Reasons Why Your Proxies Don’t Work !

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Many of us have probably sat down at our desks, after having invested a small fortune in automated software like for grabbing sneakers, tickets or some other precious merchandise.  We know that we won’t get far using our PC and single IP address so have invested in a whole bunch of rotating residential proxies so are feeling quietly confident that we are prepared.

Indeed even those two steps put you several steps ahead of the competition and there’s every chance you’ll succeed in your venture.   Except you don’t, your sneakers never get to the basket, your Craigslist adverts just get your account banned and those precious concert tickets simply never appear.  In fact you might as well have saved your money and failed like the noobs through a single desktop connection!

This article will hopefully give a little insight into how proxies are actually blocked.  It happens to us all, in fact if all this stuff was easy to do then everyone would be doing it.  However it’s important not to complicate these situations, the secret is to identifying a combination that works for you and then watch the profits flow in.

There is lots of hype and lots of misleading advice when it comes to choosing proxies for your chosen market.   Most people quickly realise that using free proxies is both risky, pointless and pretty stupid too.  Yet choosing the right proxies for any particular task can be incredibly confusing mostly because it’s a very fluid situation and changes all the time.  Some of the proxy companies which were incredible one year will often simply stop working over night, it’s wise to never get to over invested in any method long term.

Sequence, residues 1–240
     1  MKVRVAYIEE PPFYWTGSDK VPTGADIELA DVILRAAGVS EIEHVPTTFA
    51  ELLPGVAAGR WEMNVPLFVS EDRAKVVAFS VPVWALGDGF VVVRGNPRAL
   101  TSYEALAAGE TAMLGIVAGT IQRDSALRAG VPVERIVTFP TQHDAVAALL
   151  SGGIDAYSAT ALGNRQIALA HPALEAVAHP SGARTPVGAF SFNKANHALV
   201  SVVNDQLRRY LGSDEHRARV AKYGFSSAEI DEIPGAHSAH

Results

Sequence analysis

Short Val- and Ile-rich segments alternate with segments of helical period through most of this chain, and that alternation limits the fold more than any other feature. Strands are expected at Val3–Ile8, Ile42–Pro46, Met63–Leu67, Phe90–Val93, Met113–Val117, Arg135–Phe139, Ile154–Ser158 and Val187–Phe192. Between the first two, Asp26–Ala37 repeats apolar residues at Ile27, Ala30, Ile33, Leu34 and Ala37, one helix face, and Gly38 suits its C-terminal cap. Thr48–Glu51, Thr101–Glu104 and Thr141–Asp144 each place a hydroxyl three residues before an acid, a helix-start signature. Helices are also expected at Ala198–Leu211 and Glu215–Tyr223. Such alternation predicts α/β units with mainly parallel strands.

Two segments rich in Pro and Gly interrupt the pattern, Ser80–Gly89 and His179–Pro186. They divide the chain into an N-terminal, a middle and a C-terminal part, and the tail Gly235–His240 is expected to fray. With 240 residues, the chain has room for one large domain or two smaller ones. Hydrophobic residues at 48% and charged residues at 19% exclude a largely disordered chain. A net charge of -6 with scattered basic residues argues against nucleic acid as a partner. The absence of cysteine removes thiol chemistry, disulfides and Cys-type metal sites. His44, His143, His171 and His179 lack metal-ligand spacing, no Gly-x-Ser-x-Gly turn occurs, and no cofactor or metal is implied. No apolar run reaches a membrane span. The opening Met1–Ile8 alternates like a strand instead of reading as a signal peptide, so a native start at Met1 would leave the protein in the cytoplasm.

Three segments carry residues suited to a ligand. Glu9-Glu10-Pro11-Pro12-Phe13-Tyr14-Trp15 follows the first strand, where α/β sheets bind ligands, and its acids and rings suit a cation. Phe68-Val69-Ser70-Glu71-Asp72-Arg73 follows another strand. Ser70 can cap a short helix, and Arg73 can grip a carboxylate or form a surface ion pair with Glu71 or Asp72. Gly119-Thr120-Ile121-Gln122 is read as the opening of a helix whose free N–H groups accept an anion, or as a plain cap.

Basic Proxy Blocking Techniques

The problem of using proxies is actually simple and is fairly similar across all sorts of markets.  We need clean, secure proxies with IP addresses which let us use the service unhindered.  We need to look like unique connections not multiple requests from the same person.  So it’s important to know how this can fail i.e. how do the services block my proxies.

Sun Tzu, The Art of War

“If you know the enemy and know yourself, you need not fear the result of a hundred battles. If you know yourself but not the enemy, for every victory gained you will also suffer a defeat. If you know neither the enemy nor yourself, you will succumb in every battle.”

Sounds a little pretentious I know, but it’s quite a relevant quote for much of us trying to make our living online.  Most of the servers are trying to block the use of proxies, so knowing what methods they use can certainly help you select some winners.

So how do the companies like Nike, Ticketmaster and Supreme detect all these proxies?  First of all let’s remember any ‘fail’ is not always the fault of the proxies, most security services use a range of of measures to detect unwanted traffic.  It makes sense to look at lots of information in order to block this traffic not just a simple proxy detection script.

Most services use a system which rates the probability of any given connection using a proxy, where perhaps 0 = completely clear and 1= it’s definitely a proxy.  This allows the intelligence company to build up an assessment based on whatever evidence they can gather and also allows the company to decide the threshold at which they block a connection.

Static IP Address Blacklists

This is without the doubt the biggest factor in how these systems vet inbound connections.  Creating and checking against blacklists sounds simple but is an extremely effective method of detecting proxies.  The value obviously depends on the quality of the information used in compiling these lists. There are thousands of these lists floating around online – some are very accurate but many are completely out of date and incorrect.  The problem with blacklists like this is that they have to kept up to date, IP addresses change owners and use all the time and should be reflected in these lists.